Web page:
WELL, another relaxevoo day in front of the telly coming up:
stage nine of the Tour de France this afternoon; followed by World Cup
But first, poor old Brazil.
watched the first-half of their misery-laden third-place play-off
performance against Holland ... before departing for beddy-byes.
from the Guardian:
Wilful cruelty, needless indignity or sheer torture? Luiz Felipe Scolari
and his Brazil players could take their pick after finding the
third-place play-off anything but a road to redemption.
Instead, a second
stumble in the space of a week ensured they headed off into highly
uncertain futures with the jeers of the Brasília public ringing in their
Well, well, who would have thought when watching the opening ceremony of
World Cup 2014 (ironically, a half-hearted affair, compliments of
that great gift called hindsight) that within three weeks Brazilian football and its passionate
supporters would experience a conscious uncoupling*.
that Germany would cause Brazil to sob rather than samba.
Many silly people have written Brazilian football off for years to
come. Total rubbish. Football is in their genes (it’s that
exposure to the sun I mentioned just the other day).
Look, give ‘em a World Cup or two and they’ll be back, firing on all
* Conscious uncoupling: Gwyneth Paltrow and Chris Martin recently
announced that, after more than 10 years of marriage, they had decided
to separate. The couple said in a joint statement that they were to
stressed, in the statement, that while “in many ways we are closer than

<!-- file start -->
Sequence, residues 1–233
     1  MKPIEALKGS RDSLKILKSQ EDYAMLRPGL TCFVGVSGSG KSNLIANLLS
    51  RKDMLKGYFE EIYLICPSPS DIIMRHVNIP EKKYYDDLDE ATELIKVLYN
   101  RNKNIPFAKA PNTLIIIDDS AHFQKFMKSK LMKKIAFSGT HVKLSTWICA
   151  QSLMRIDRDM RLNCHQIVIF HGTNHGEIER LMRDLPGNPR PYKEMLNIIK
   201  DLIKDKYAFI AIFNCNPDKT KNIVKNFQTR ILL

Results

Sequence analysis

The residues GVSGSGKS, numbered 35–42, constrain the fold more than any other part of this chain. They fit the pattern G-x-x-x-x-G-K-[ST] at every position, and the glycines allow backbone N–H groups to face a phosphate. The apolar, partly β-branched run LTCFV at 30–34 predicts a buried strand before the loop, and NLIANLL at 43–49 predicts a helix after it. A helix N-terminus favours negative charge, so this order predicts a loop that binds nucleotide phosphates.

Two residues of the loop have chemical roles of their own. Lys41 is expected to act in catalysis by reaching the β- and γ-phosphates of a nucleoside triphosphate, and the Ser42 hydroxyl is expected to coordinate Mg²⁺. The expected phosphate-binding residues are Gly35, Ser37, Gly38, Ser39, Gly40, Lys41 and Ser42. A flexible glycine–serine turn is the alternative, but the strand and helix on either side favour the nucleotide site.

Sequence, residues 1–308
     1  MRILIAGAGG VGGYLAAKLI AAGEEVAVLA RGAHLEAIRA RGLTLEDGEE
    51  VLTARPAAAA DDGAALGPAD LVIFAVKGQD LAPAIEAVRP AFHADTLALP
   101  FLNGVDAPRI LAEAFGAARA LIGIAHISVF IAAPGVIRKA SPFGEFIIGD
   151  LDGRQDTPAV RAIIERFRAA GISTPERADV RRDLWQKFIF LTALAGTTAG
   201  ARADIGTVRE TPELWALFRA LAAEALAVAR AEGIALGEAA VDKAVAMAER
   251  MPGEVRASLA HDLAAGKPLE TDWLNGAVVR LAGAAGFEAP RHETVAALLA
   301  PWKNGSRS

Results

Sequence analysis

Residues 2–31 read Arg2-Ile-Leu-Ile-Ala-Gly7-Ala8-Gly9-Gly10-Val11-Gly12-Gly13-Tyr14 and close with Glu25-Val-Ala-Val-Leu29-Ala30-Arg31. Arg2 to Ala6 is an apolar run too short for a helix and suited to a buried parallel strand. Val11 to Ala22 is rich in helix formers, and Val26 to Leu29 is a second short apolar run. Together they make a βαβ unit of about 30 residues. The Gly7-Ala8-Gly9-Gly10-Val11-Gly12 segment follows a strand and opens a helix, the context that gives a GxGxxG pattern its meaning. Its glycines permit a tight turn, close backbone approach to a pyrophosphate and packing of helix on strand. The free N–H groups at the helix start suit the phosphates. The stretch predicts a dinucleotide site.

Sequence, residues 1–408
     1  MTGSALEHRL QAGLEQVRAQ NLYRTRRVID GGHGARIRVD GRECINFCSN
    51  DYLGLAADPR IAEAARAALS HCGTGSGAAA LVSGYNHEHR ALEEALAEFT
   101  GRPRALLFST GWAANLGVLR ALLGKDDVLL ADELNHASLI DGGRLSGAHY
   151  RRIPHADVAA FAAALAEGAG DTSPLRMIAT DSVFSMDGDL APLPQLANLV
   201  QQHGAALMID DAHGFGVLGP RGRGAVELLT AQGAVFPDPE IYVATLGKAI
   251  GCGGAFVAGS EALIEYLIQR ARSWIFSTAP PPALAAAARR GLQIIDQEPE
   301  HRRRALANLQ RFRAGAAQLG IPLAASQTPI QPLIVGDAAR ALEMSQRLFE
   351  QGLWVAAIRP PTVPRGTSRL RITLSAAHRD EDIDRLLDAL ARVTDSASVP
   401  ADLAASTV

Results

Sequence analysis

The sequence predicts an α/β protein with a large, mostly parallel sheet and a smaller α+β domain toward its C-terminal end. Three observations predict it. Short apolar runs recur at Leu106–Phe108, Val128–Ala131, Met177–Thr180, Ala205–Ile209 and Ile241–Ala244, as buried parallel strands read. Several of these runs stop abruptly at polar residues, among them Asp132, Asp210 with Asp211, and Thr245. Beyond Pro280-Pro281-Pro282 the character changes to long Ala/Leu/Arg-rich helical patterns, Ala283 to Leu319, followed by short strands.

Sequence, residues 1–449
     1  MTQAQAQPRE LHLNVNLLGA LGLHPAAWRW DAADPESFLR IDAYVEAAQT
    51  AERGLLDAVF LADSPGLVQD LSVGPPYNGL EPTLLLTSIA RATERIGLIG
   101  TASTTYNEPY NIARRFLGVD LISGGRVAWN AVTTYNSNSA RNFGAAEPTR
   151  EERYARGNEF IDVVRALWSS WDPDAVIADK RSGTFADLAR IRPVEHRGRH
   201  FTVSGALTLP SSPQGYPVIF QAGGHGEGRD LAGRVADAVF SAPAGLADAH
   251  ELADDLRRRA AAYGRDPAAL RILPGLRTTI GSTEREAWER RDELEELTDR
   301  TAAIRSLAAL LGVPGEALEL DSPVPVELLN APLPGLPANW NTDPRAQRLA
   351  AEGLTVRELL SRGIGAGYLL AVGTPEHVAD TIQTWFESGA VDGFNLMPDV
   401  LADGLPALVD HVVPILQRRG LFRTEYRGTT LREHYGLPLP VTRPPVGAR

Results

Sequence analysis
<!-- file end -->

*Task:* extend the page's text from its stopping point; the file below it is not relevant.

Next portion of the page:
we have ever been”, they had come to the conclusion that “while we love
each other very much we will remain separate”.
all sounded wonderfully amiable. And I guess that sums up the Brazilian love
affair with football. They have consciously uncoupled ― but they’ll be
back in bed together in no time. All they need is a win or two under
Before leaving Brazil to sort itself out and pick up the pieces, I enjoyed this highest
rated comment on the Guardian website...
Meltwaterfalls: “Brazilian football is truly in the doldrums”?
but as an Englishman in my early 30s, Brazil’s doldrums are the
equivalent of England’s high point of my lifetime.
Tonight is the big night, the World Cup Final. And I bet Angela Merkel
will be there with her enthusiastic and passionate support, arms in the
You pays your money: Argentina vs.
Germany. Messi vs. Merkel. Nature vs. nurture. Flamboyance vs. simplicity.
Spontaneity vs. order. Uncertainty vs. dependability. Ambivalence vs.
Interesting (delivered with an exaggerated German accent,
Seriously though, shall I support Cristina Fernández de
Kirchner’s Argentina or Andrea Merkel’s Germany?
I must quote a few
lines from a Sunday Times leader ― which is written from an
England point of view, and addressed to the Germans:
Tonight you face Argentina in the World Cup final. To be frank, we’ve
not been getting on very well with them either. In fact, England fans
have suddenly noticed how much they have in common with you Germans.
gave our country the Angles and the Saxons. You sent the Hanoverian
monarchs to reign over us, and you introduced us to Christmas trees.
ST could also have added: We adore your cars ― Vorsprung durch
Technik and all that jazz; we’ve fallen hook, line, etc with
the German duo of Lidl and Larger (oops, Aldi); and it seems that a
German football jersey is impossible to get hold of in London these
tonight we will be on your side. Los geht’s, Deutschland!
Or, as we don’t say here very often: “Come on, Germany!”
I’ll go with that:
Or more correctly, in Welsh:
mlaen yr Almaen!”
(I shall be posting this ― and turning off
the computer ― well before the final starts. I wonder what, if spared,
I’ll be reflecting on come the morning?)
Saturday, July 12th
Tour de France 2014: Matteo Trentin edges out Peter Sagan